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Vayeishev-Unaware if Money Discovered is Personal or Ma’aseir




When I have money that I don’t need for a while, I deposit it with a gemach. About a year ago, I deposited twenty-five thousand dollars, twenty of which was mine and five were my ma’aseir money. At various times I withdrew money. Recently, I withdrew money and, according to my records, I no longer had any money left in the gemach. However, the manager of the gemach said that according to his records I have a balance of three thousand dollars. I should note that the manager is very careful. He writes down every transaction immediately, whereas I record transactions when I remember to do so, which can sometimes be a day or two later. I have two questions: May I accept the three thousand dollars since, according to my records, my balance is zero? If I may accept the money, may I use it for personal needs or must I consider it ma’aseir?


Since you don’t record your transactions immediately and the manager of the gemach does, you may rely on his records and accept the money. The source is the Shach (91, 25) who cites a Rosh that when one records his transactions immediately he may even swear based on what is recorded in his ledger since it is reliable. However, records that are not recorded immediately (like yours) are considered legally to be unreliable. Therefore, since the gemach’s records are reliable and yours are not, you may rely on the manager of the gemach and accept the money.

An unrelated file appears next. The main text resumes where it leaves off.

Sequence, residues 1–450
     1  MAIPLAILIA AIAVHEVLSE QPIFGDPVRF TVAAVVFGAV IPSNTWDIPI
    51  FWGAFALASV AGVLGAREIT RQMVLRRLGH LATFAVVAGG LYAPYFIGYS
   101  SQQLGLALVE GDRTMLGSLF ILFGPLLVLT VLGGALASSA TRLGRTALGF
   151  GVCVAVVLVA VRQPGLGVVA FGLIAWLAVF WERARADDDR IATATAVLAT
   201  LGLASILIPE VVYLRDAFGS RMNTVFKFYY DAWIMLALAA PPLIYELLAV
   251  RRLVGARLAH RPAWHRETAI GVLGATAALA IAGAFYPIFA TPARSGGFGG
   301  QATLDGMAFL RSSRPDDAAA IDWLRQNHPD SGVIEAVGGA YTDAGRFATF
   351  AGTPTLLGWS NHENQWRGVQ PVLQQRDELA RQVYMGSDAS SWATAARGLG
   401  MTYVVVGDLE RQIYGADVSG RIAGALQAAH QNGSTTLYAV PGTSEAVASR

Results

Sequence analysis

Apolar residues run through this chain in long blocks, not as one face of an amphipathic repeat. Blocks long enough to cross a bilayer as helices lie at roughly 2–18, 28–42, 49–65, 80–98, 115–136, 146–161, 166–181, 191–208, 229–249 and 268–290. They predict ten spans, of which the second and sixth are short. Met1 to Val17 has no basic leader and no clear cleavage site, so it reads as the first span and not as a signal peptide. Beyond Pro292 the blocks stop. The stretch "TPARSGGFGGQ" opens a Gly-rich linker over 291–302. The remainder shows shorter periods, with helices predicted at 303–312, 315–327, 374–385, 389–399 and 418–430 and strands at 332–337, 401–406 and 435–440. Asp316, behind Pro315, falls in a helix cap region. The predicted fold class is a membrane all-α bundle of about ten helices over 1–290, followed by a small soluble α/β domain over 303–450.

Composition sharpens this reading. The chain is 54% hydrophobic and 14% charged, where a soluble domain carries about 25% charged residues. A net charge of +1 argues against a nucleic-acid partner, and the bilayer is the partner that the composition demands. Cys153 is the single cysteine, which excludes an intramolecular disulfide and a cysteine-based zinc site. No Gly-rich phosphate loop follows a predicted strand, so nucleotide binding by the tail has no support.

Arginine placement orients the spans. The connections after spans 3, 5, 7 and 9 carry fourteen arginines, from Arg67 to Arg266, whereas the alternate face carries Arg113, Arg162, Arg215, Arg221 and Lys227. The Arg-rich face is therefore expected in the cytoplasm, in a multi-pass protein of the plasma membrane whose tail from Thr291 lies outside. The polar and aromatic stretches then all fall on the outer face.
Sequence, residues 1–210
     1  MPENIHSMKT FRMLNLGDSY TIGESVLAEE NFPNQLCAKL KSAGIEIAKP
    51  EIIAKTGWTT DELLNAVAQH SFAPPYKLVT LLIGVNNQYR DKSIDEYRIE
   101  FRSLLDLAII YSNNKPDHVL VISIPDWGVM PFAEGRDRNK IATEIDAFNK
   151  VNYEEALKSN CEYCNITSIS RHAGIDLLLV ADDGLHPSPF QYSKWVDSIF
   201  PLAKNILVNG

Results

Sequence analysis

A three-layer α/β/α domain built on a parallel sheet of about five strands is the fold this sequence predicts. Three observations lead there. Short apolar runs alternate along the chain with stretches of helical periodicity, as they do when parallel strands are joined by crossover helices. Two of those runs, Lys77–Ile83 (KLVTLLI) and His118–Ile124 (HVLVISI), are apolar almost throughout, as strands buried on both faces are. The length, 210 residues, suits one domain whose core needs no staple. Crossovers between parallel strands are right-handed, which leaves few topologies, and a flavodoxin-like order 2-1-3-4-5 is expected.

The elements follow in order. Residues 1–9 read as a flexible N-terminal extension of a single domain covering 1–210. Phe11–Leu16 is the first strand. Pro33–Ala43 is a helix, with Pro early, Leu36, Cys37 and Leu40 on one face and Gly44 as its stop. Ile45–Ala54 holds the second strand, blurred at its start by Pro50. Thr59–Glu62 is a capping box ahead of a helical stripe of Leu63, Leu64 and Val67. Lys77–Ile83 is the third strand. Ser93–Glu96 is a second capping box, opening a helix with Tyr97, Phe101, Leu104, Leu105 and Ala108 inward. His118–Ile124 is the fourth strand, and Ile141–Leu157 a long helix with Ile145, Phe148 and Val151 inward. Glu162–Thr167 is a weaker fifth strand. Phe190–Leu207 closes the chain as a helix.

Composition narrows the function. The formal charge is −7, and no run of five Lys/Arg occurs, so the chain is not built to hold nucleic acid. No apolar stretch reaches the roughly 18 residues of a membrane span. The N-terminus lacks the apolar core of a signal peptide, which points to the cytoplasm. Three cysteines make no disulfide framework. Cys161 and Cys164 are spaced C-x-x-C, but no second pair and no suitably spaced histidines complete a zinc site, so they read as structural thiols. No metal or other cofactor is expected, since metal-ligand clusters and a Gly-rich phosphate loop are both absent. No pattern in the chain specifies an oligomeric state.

Since we have established that you may accept the money, we must consider your second question i.e. whether the money is yours or it belongs to ma’aseir. If we were dealing with ordinary money and the question was only whether the money is yours or it belongs to another person who left money with you, then you may consider the money as yours. This is similar to the Gemara (Bechoros 18B) which states that if a person asked someone to watch his lamb and that person kept the lamb together with his own lambs and one lamb died, he can assume that the lamb that died belonged to the other party. The reason is because of the rule hamotsei meichaveiro olov horayo: one who wants to retrieve something from someone else must prove his claim. Since the money is by you or by someone to whom you have entrusted it, and it is not certain that the money belongs to someone else, you may keep the money.